NTNU takes second place in Shell Eco-Marathon

(30.05.2011) A winning combination of dedicated students and a top flight car, the DNV Fuel Fighter, brought a solid second place to NTNU's entry in the 27th Annual Shell Eco-MarNTNU students celebrate their 2nd place in the 2011 Shell Eco-Marathonathon, an international competition designed to encourage today's students to develop cutting-edge designs for tomorrow's vehicles. The competition was held at the EuroSpeedway in Lausitz, Germany, from 26-28 May.

NTNU's team, led by Uwe Schindler from the university's Department of Industrial Economics and Technology Management, managed to travel 99 km/kwh with their hydrogen fuel cell car, which is the equivalent of travelling nearly 1,000 km using just 1 litre of petrol.

The NTNU team had high hopes of  breaking a previous record set by NTNU's 2009 version of the DNV Fuel Fighter, which in its year set a world record of travelling the equivalent of 1246 km on a single litre of petrol. That record still stands -- the winners of the class in which NTNU competed, the "Urban Concept" class, were a Dutch team that travelled 104 km/kwh, just slightly over NTNU's second place finish and not nearly enough to break the 2009 record.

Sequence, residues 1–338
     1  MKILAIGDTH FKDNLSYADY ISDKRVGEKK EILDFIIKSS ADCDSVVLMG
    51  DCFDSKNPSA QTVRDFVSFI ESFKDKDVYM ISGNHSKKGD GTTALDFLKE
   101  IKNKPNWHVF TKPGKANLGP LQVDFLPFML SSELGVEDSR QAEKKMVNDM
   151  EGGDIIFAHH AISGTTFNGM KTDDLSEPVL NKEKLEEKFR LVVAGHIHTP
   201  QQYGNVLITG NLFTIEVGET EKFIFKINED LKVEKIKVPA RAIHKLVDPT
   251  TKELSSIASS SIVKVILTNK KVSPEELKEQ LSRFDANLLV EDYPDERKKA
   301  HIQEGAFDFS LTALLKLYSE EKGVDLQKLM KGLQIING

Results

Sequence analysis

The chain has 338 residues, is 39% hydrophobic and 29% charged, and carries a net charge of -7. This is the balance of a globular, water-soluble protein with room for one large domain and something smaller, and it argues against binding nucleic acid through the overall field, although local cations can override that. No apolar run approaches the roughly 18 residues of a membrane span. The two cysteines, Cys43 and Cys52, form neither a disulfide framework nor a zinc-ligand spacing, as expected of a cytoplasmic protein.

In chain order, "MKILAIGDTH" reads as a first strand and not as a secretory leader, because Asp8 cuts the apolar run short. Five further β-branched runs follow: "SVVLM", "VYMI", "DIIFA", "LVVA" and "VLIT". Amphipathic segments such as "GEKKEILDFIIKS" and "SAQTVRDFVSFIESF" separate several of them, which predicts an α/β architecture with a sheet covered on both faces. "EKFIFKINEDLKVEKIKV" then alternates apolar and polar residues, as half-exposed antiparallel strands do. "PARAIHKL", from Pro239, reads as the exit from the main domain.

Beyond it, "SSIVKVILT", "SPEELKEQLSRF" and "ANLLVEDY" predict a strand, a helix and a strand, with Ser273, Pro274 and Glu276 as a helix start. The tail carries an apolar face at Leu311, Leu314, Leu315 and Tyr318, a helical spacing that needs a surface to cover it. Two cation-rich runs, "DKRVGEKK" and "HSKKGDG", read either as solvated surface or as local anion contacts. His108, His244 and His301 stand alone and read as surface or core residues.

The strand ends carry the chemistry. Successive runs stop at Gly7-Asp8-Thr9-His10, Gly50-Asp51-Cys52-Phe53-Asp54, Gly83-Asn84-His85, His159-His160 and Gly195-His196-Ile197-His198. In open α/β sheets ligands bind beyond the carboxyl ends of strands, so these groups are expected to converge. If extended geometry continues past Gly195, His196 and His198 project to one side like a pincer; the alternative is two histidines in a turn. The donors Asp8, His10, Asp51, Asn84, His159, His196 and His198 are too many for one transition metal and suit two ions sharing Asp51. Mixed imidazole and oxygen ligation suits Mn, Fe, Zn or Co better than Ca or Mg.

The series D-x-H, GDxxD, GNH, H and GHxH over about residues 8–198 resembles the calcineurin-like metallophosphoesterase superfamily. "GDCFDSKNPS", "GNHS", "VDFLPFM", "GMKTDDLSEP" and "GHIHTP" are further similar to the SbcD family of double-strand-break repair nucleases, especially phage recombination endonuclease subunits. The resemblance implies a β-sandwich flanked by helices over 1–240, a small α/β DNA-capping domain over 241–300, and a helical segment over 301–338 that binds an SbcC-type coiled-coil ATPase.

NTNU team member Silje Owrenn also won the prestigeous Shell Communications and Marketing Award for her expert management of the team's communications strategy in Norway, which included coverage of the team's efforts in the Norwegian national media.

Different disciplines, different expertise
NTNU's  2011 team consists of 19 members, of which 9 are "core members" from different university disciplines, including project management, mechanical engineering and cybernetics.

In addition to Schindler and Owrenn, the core team members are: Håkon Jenserud,  Mats Hoel, Tim Mjellem Stockfleth, Aksel Qviller, Alexander Welland, Sigri Halsteinsild Bleie, and Jardar Sølna Øverby.

Overall, this year's competition attracted 3,000 competitors on 212 teams from 27 countries.

Master's thesis project
The 9 core students who participated in the project write a master's thesis about their work, which involves building the car, competing in the Shell Eco-Marathon, and writing a comprehensive report on the process. The remaining team members  work with design, PR and media, and sponsor contact. DNV (Det Norkse Veritas) is the team's main sponsor, and is the reason for the vehicle's name, DNV Fuel Fighter.

The Shell Eco-Marathon competition had its origins in a 1939 in an argument between employees of Shell Oil's research laboratory in Wood River, Illinois, as to whose car got better fuel mileage.